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CYCLING PERFORMANCE TIPS

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Cardiologists Huntersville NC

This page provides useful content and local businesses that can help with your search for Cardiologists. You will find helpful, informative articles about Cardiologists, including "HEART RATE MONITORS". You will also find local businesses that provide the products or services that you are looking for. Please scroll down to find the local resources in Huntersville, NC that will answer all of your questions about Cardiologists.

Francis Kiet Le
(704) 766-0320
13220 Rosedale Hill Ave
Huntersville, NC
Specialty
Cardiology, Cardiovascular Disease

Data Provided By:
George V Irons
(704) 887-4530
10030 Gilead Rd
Huntersville, NC
Specialty
Cardiology

Data Provided By:
Matthew John LeVinsky
(704) 896-8547
19620 West Catawba Avenue
Cornelius, NC
Specialty
Cardiology, Cardiovascular Disease

Data Provided By:
Charles Martin Elliott, MD
(704) 373-0212
18303 Bowsprit Pointe Rd
Cornelius, NC
Specialties
Cardiology
Gender
Male
Education
Medical School: Va Commonwealth Univ, Med Coll Of Va Sch Of Med, Richmond Va 23298
Graduation Year: 1970

Data Provided By:
George Craig Clinard, MD
(704) 549-8997
3419 Wylie Meadow Ln
Charlotte, NC
Specialties
Cardiology
Gender
Male
Education
Medical School: Bowman Gray Sch Of Med Of Wake Forest Univ, Winston-Salem Nc 27157
Graduation Year: 1990

Data Provided By:
Kenneth D Weeks
(704) 887-4530
10030 Gilead Rd
Huntersville, NC
Specialty
Cardiology, Cardiovascular Disease

Data Provided By:
Charles Lewis Harring, MD
(704) 887-4530
10030 Gilead Rd Ste 201
Huntersville, NC
Specialties
Cardiology
Gender
Male
Education
Medical School: Univ Of Fl Coll Of Med, Gainesville Fl 32610
Graduation Year: 1998

Data Provided By:
Craig Alan Greene, MD
(704) 316-1220
17407 Summer Place Dr
Cornelius, NC
Specialties
Cardiology
Gender
Male
Education
Medical School: Med Univ Of Sc Coll Of Med, Charleston Sc 29425
Graduation Year: 1986

Data Provided By:
Dominique Andre Falewee
(704) 896-8547
19620 W. Catawba Ave
Cornelius, NC
Specialty
Cardiology, Cardiovascular Disease

Data Provided By:
Paul Justin Alfieri, MD
(704) 549-8997
101 W T Harris Blvd Ste 1213
Charlotte, NC
Specialties
Cardiology
Gender
Male
Education
Medical School: Temple Univ Sch Of Med, Philadelphia Pa 19140
Graduation Year: 1996

Data Provided By:
Data Provided By:

HEART RATE MONITORS

 



CONTENTS

  • Basic cardiovascular physiology
  • Pros and cons of using a heart rate monitor
  • Definitions
  • Calculating your maximum heart rate
  • Heart rate training zones
  • Training tips using a heart rate monitor
  • Resting heart rate
  • An opposing opinion The Heart Rate Monitor (HRM) is touted by many cyclists and trainers as the most significant training advance in the last ten years. Although many coaches refuse to work with an athlete without the physiologic training information it provides, HRMs have their detractors. And that small backlash is slowly growing. An alternative to a HRM, not quite as technical and rigid, uses perceived effort as a measure of your level of exertion.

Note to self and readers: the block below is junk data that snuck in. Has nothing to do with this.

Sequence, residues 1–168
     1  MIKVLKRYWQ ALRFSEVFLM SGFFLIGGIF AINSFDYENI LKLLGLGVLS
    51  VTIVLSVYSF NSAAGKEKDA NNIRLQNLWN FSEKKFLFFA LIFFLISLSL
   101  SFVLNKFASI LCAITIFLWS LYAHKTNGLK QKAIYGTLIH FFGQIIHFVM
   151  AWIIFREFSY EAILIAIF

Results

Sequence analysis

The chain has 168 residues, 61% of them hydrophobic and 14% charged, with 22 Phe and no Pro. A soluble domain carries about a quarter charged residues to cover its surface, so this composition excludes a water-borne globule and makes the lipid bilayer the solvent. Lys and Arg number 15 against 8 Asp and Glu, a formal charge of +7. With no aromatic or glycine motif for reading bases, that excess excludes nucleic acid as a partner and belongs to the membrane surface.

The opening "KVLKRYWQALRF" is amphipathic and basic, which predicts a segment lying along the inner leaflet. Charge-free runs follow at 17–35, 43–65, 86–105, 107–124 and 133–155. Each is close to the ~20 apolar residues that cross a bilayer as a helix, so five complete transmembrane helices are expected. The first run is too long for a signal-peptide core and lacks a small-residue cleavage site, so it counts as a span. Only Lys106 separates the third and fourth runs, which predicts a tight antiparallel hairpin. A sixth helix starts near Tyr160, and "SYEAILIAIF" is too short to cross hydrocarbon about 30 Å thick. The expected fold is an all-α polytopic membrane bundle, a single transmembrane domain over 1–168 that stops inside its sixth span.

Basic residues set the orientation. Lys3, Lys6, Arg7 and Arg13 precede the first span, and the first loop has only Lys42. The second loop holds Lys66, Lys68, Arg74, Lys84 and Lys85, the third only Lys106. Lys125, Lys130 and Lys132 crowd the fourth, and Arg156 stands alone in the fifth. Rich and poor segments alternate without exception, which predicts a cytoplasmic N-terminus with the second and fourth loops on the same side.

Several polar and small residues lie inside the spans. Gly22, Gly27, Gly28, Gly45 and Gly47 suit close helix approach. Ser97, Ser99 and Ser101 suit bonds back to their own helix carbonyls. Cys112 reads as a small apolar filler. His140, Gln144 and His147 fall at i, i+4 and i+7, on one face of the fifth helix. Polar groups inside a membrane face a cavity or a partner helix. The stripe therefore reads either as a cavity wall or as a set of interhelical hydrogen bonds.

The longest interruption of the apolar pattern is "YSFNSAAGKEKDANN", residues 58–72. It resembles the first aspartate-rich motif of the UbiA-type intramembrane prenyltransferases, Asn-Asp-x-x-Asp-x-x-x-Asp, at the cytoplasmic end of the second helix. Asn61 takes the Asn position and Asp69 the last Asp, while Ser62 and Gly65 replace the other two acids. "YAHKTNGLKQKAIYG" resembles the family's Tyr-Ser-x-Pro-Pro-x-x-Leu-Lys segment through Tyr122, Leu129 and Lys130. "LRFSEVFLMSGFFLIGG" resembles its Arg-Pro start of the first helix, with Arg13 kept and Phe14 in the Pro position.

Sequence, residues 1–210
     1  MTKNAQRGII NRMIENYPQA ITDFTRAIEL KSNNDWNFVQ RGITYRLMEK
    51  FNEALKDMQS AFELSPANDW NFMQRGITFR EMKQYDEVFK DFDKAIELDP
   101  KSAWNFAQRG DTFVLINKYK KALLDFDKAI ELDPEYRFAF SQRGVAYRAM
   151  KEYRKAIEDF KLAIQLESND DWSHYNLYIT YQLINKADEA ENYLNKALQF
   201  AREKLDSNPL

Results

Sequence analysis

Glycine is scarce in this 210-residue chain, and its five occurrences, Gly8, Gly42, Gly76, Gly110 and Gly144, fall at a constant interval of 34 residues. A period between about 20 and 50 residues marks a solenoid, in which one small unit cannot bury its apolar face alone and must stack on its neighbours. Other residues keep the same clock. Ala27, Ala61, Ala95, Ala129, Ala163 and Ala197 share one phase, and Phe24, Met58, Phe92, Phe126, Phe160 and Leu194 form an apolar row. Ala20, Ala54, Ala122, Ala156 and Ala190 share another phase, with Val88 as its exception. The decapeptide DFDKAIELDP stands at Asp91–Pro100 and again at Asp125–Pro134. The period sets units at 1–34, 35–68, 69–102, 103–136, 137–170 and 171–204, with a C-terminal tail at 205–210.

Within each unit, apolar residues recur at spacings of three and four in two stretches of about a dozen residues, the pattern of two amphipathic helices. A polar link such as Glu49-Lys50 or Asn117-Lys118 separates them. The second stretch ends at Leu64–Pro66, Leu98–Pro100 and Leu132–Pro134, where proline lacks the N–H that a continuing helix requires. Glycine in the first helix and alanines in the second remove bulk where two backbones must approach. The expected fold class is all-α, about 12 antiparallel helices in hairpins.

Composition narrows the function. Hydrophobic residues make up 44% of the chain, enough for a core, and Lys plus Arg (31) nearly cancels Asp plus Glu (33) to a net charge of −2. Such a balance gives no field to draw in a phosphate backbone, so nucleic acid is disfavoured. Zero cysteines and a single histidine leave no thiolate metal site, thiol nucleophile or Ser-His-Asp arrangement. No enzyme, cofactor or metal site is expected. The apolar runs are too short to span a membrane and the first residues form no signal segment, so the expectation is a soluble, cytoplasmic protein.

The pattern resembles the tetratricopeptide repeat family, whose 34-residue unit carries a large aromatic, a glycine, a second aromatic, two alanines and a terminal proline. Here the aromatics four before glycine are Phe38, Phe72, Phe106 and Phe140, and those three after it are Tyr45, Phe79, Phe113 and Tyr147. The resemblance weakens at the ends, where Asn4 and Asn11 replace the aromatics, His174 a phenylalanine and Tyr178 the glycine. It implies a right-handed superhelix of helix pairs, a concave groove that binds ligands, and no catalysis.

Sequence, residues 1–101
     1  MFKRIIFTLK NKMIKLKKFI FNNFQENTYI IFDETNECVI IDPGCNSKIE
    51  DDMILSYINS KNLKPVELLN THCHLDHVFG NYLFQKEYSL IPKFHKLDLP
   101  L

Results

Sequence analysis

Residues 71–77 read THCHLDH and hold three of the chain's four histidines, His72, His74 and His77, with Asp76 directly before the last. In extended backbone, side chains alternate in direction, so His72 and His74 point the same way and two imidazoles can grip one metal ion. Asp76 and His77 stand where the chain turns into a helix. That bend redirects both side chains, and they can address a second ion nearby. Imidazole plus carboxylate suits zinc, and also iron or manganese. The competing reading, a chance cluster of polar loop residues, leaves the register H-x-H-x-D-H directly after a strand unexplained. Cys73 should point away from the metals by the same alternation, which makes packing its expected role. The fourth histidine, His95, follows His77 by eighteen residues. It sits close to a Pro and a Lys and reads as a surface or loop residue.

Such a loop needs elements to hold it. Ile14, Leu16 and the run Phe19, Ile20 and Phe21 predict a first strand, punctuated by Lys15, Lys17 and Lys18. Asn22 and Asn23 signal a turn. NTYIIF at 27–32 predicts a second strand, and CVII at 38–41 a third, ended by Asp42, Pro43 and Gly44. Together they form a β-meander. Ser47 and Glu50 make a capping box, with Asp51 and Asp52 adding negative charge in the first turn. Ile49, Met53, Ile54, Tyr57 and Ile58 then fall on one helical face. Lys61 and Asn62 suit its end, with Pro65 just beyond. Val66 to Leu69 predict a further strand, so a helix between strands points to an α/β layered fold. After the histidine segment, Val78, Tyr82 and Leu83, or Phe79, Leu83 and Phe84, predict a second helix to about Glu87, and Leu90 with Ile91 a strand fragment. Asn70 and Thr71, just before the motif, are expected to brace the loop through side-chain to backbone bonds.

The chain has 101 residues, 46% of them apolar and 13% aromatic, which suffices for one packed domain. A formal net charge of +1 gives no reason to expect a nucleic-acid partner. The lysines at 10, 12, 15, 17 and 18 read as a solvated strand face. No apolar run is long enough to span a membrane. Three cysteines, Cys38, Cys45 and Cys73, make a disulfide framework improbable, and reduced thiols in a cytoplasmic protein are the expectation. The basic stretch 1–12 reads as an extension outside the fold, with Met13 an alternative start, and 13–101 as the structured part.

BASIC CARDIOVASCULAR PHYSIOLOGY

    First, let's review the basic physiology of the circulatory system asking ourselves the question "What does the heart rate really indicate?" The components of the cardiovascular system are:
    • the heart (the pump)
    • the arteries (a distribution system)
    • the capillaries (the exchange system where gases, nutrients, and other chemical compounds move to and from surrounding tissue
    • the veins (which are the return circuit) With every heart beat (contraction of the heart pump), a certain amount of blood (stroke volume) is pushed through the system. The contraction frequency of the heart is the heart rate (HR). The amount of blood moved to the cells of the body every minute is the product of the heart rate and stroke volume (HR x strove volume).

      With physical activity (exercise) more oxygen is required by the muscle cells, and the circulatory system responds by increasing the heart rate (and the cardiac output). With aerobic training, the actual amount of blood pumped per heart beat (stroke volume) increases and the efficiency of the exchange process at the capillary level improves. The result is a lower heart rate for any level of physical activity in the trained versus the untrained individual. Thus aerobic training benefits include:

      • a lower resting heart rate
      • a lower heart rate for a specific level of exertion
      • an increased exercise capacity at an individual's maximum heart rate. The training effect results when the heart muscle is "stressed" by an increase in cardiac output (just as muscles in the arms and legs respond to the stress of lifting free weights). As the cardiac output is directly proportional to the heart rate, a heart rate monitor (HRM) can be used to structure and monitor an aerobic training program. (For additional background see Basic Exercise Physiology - the cardiac system.)

        Let's look at the pros and cons on the use of a HRM.

        PROS AND CONS

        The ADVANTAGES of a HRM include its use:

        • as a motivational tool - like a coach ; brings objectivity to a training program.
        • to teach beginners to read their bodies and avoid anaerobic overtraining.
        • to aid in doling out energy during time trialing or climbing, saving some for the final effort.
        • to analyze ra...

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